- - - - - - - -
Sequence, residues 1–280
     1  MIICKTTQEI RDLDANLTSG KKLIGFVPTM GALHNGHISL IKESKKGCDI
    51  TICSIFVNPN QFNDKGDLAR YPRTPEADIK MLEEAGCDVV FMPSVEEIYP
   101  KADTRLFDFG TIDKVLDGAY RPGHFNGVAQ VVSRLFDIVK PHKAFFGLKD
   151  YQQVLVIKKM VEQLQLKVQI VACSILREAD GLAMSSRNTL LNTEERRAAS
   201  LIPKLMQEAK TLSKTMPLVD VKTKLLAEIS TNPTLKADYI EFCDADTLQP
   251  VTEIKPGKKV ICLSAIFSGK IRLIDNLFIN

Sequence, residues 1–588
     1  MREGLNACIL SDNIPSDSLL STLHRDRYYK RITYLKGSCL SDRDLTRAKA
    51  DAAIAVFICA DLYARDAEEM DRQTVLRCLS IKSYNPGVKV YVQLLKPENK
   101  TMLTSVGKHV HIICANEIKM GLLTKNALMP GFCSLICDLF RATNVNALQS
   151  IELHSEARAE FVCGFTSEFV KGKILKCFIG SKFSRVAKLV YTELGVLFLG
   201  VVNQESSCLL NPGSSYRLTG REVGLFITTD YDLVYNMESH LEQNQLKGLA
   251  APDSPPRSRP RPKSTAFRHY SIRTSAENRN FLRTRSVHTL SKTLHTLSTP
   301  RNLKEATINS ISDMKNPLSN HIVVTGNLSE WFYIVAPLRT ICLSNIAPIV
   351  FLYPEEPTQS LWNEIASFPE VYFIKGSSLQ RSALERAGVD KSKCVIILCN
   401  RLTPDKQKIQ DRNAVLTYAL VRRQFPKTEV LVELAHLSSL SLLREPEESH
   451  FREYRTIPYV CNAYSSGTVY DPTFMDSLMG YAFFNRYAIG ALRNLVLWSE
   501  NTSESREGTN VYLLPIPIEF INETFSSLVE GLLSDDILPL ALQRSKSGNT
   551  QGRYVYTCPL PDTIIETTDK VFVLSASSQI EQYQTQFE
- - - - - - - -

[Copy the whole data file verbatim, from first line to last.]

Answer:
Sequence, residues 1–280
     1  MIICKTTQEI RDLDANLTSG KKLIGFVPTM GALHNGHISL IKESKKGCDI
    51  TICSIFVNPN QFNDKGDLAR YPRTPEADIK MLEEAGCDVV FMPSVEEIYP
   101  KADTRLFDFG TIDKVLDGAY RPGHFNGVAQ VVSRLFDIVK PHKAFFGLKD
   151  YQQVLVIKKM VEQLQLKVQI VACSILREAD GLAMSSRNTL LNTEERRAAS
   201  LIPKLMQEAK TLSKTMPLVD VKTKLLAEIS TNPTLKADYI EFCDADTLQP
   251  VTEIKPGKKV ICLSAIFSGK IRLIDNLFIN

Sequence, residues 1–588
     1  MREGLNACIL SDNIPSDSLL STLHRDRYYK RITYLKGSCL SDRDLTRAKA
    51  DAAIAVFICA DLYARDAEEM DRQTVLRCLS IKSYNPGVKV YVQLLKPENK
   101  TMLTSVGKHV HIICANEIKM GLLTKNALMP GFCSLICDLF RATNVNALQS
   151  IELHSEARAE FVCGFTSEFV KGKILKCFIG SKFSRVAKLV YTELGVLFLG
   201  VVNQESSCLL NPGSSYRLTG REVGLFITTD YDLVYNMESH LEQNQLKGLA
   251  APDSPPRSRP RPKSTAFRHY SIRTSAENRN FLRTRSVHTL SKTLHTLSTP
   301  RNLKEATINS ISDMKNPLSN HIVVTGNLSE WFYIVAPLRT ICLSNIAPIV
   351  FLYPEEPTQS LWNEIASFPE VYFIKGSSLQ RSALERAGVD KSKCVIILCN
   401  RLTPDKQKIQ DRNAVLTYAL VRRQFPKTEV LVELAHLSSL SLLREPEESH
   451  FREYRTIPYV CNAYSSGTVY DPTFMDSLMG YAFFNRYAIG ALRNLVLWSE
   501  NTSESREGTN VYLLPIPIEF INETFSSLVE GLLSDDILPL ALQRSKSGNT
   551  QGRYVYTCPL PDTIIETTDK VFVLSASSQI EQYQTQFE